2019: HISTORIC YEAR IN CANADIAN TENNIS
A first Grand Slam singles crown, 4 players in the Top 40 and 27 titles on the pro tours
Montréal, December 9, 2019 — On Monday, Tennis Canada took stock of the past season as Louis Borfiga, vice-president of high performance and athlete development and Sylvain Bruneau, national head coach of the women’s tennis program, looked back on the highlights of 2019—the finest chapter in the nation’s tennis history. Fourteen Canadians earned 27 professional titles: 12 in singles and 15 in doubles. Bianca Andreescu is the year’s most decorated player with four winner’s trophies, including Canada’s very first Grand Slam singles crown.
This past season was a momentous one for Canadian tennis and especially Bianca Andreescu. The 19-year-old Ontarian earned a title on the Challenger circuit and her first three on the WTA Tour in Indian Wells, at Rogers Cup presented by National Bank and at the US Open. She rose close to 150 places in the rankings up to World No.4 (October 21) before ending the season at No.5. Despite a shoulder injury that kept her off the courts for several months, she collected an impressive 48 wins and only 7 losses. She also holds this year’s third-best record for wins over Top 10 players (8-3) after Ashleigh Barty and Belinda Bencic.
Four in the Top 40
For the first time in its history, Canada closed the season with four players in the Top 40. After Andreescu, the nation’s second-best player is Denis Shapovalov, who finished the year at a career high ranking of No.15, in part thanks to a spectacular run this past fall that brought him his first ATP title at the Stockholm Open and first Masters 1000 final in Paris. As for Félix Auger-Aliassime, he made tremendous strides in the past 12 months. He opened the season outside the Top 100 (106) and rocketed to No.17 to close things out at No.21. He also came close to claiming his first ATP crown when he competed in the finals in Rio, Lyon and Stuttgart. Together, Andreescu, Shapovalov and Auger-Aliassime posted 58 wins over Top 50 players. Finally, veteran Milos Raonic is currently ranked World No.31. Plagued by injury, the former No.3 played in only 14 events this year. His highlights include a quarterfinal appearance at the Australian Open and a semifinal run in Indian Wells.
It was also an exciting season on the junior circuit, as Canada’s young athletes picked up a total of 35 junior titles: 15 in singles and 20 in doubles. The most memorable triumph was certainly Leylah Annie Fernandez’s win at the Roland Garros Junior Championships after she fell in the final of the junior Australian Open a few months earlier. Four players will end the season in the ITF Top 10: Fernandez (No.3), Liam Draxl (No.14), Mélodie Collard (No.22) and Taha Baadi (No.45).
Davis Cup and Fed Cup
The Canadian Davis Cup and Fed Cup teams both had terrific seasons. Of course, Canada’s race to the ultimate showdown versus Spain at the Davis Cup Finals was the high point. En route to the first final in its history, the national squad overpowered Slovakia, Italy, the United States, Australia and Russia before losing to the Spaniards. On the women’s side, Canada’s Fed Cup team qualified for the World Group I play-off with a win over the Netherlands in February. Vanquished by the Czech Republic—one of the most powerful Fed Cup teams of the past few years—Canada will be back in action in February 2020 against Switzerland to fight for a place in the finals next April in Budapest.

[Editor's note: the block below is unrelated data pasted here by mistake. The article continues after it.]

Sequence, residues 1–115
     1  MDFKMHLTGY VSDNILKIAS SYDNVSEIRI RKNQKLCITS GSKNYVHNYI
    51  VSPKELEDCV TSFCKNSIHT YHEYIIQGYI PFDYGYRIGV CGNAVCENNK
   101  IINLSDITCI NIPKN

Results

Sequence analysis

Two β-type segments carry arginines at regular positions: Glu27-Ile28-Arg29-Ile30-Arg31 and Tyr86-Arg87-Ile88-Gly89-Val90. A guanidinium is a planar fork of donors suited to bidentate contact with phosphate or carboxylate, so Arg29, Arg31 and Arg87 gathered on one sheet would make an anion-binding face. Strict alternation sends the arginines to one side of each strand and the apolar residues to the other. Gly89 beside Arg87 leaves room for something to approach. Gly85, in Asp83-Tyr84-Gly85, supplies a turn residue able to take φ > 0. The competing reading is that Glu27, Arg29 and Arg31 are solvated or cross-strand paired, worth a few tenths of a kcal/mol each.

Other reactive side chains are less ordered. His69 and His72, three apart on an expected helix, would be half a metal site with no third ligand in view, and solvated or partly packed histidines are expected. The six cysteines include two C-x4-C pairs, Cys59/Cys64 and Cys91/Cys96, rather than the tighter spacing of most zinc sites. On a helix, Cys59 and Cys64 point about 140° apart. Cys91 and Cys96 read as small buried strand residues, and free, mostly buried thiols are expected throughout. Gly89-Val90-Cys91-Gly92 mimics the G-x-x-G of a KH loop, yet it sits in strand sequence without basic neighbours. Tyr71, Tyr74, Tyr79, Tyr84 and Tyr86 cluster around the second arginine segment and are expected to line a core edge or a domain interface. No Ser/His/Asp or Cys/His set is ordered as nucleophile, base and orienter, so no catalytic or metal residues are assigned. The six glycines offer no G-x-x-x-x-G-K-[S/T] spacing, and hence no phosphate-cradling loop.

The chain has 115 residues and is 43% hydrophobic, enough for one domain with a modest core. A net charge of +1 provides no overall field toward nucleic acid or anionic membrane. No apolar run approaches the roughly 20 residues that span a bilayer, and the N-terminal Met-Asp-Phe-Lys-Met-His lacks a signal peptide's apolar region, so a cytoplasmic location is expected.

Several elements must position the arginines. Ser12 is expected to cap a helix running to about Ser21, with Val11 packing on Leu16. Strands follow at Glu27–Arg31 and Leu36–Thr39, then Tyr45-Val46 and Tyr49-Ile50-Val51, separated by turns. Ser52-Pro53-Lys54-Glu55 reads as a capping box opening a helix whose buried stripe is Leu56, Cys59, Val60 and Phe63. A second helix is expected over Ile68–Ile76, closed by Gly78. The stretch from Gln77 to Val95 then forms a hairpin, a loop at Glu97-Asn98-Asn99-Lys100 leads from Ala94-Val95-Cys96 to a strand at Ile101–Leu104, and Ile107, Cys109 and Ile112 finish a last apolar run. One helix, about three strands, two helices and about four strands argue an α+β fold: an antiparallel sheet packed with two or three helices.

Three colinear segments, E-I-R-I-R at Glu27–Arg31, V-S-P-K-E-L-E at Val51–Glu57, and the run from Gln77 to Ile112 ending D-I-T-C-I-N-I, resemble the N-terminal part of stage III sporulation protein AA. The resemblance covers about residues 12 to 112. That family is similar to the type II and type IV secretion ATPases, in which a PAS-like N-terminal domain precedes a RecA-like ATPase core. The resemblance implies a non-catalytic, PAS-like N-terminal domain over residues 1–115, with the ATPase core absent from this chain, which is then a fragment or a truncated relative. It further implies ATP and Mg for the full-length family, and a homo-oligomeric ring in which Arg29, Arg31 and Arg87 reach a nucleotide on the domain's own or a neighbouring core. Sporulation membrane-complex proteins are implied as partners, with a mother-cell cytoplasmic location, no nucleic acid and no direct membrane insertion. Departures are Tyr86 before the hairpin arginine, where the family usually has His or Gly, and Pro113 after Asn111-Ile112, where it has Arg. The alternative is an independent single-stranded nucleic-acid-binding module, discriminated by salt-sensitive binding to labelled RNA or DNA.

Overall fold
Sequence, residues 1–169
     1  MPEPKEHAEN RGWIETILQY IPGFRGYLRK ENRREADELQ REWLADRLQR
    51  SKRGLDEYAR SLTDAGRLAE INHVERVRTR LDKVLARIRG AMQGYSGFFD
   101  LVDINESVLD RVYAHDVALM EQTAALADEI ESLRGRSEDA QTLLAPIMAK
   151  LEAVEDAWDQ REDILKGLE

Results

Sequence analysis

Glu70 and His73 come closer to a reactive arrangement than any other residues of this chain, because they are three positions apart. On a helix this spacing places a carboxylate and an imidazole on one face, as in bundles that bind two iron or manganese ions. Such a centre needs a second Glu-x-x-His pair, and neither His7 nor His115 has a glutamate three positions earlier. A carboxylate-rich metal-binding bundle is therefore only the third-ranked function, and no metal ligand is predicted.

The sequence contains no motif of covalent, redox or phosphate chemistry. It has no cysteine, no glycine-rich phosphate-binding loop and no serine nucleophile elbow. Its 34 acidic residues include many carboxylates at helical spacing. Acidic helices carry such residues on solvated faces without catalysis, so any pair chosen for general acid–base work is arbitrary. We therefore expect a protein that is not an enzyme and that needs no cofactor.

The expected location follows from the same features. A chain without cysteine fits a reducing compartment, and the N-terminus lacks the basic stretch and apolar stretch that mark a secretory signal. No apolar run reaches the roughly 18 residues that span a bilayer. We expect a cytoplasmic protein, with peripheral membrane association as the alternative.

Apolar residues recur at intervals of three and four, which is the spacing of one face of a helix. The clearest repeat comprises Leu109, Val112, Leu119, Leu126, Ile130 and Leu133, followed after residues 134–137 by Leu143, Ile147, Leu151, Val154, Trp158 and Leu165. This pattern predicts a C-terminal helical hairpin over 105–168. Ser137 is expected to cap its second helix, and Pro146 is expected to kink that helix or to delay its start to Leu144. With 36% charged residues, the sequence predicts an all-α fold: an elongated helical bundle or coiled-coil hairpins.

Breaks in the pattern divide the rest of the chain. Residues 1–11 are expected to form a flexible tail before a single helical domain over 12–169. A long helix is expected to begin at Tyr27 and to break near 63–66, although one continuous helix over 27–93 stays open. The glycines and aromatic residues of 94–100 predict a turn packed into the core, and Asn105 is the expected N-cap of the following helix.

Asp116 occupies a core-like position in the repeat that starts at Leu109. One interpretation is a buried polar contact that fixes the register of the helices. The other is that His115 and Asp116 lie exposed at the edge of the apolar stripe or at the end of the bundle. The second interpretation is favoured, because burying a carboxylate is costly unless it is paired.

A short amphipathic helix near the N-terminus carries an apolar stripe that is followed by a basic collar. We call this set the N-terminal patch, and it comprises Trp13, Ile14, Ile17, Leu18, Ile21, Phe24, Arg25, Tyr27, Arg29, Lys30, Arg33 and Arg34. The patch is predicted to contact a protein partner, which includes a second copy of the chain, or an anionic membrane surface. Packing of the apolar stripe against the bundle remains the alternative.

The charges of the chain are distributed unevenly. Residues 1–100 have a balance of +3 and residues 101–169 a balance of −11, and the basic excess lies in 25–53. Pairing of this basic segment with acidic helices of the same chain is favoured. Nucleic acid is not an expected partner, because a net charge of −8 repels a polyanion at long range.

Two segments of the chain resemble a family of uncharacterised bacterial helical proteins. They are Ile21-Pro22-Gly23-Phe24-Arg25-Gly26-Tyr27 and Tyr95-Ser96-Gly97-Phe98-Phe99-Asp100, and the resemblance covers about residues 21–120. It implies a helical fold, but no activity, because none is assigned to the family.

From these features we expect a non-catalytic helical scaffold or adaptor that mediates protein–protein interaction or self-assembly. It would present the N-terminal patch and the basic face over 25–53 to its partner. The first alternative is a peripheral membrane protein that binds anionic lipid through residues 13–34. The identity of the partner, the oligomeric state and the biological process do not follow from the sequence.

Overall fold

Among the season’s other highlights is Gabriela Dabrowski fantastic success in doubles with Xu Yifan that carried them all the way to the Wimbledon doubles final. For a third consecutive year, Dabrowski secured her ticket to the WTA Finals featuring the year’s top eight teams. In 2019, Brayden Schnur entered the Top 100 (No.92 in August 2019) after kicking off the season near No.200. He chalked up his best performance in February at the ATP 250 New York Open final. As for Vasek Pospisil, he returned to the game after spending several months recovering from spinal surgery. The 28-year-old netted two consecutive Challenger titles this fall and played a pivotal role for Canada at the Davis Cup Finals. Finally, Rob Shaw took home the gold medal at the Parapan Am Games and established himself as one of the players to watch at the 2020 Paralympic Games in Tokyo.
For more statistics, see the 2019 Canadian tennis season by the numbers.
About Tennis Canada
Founded in 1890, Tennis Canada is a non-profit, national sport association with a mission to lead the growth of tennis in Canada and a vision to become a world-leading tennis nation. We value teamwork, passion, integrity, innovation and excellence. Tennis Canada owns and operates the premier Rogers Cup presented by National Bank WTA and ATP Tour events, 5 professional ATP and ITF sanctioned events and financially supports 4 other professional tournaments in Canada. Tennis Canada operates junior national training centres/programs in Toronto, Montreal, Vancouver and Calgary. Tennis Canada is a proud member of the International Tennis Federation, the Canadian Olympic Committee and the Canadian Paralympic Committee, and serves to administer, sponsor and select the teams for Davis Cup, Fed Cup, the Olympic and Paralympic Games and all wheelchair, junior and senior national teams. Tennis Canada invests its surplus into tennis development. For more information on Tennis Canada please visit our Web site at: www.tenniscanada.com and follow us on Facebook and Twitter.
Valérie Tétreault, Director, Communications
firstname.lastname@example.org or 514-273-1515, ext. 6259
Victoria Jaklin, Coordinator, Communications and Media Relations
email@example.com or 514-273-1515, ext. 6291
Oliver Wheeler, Coordinator, Communications
firstname.lastname@example.org or 416-665-9777, ext. 4545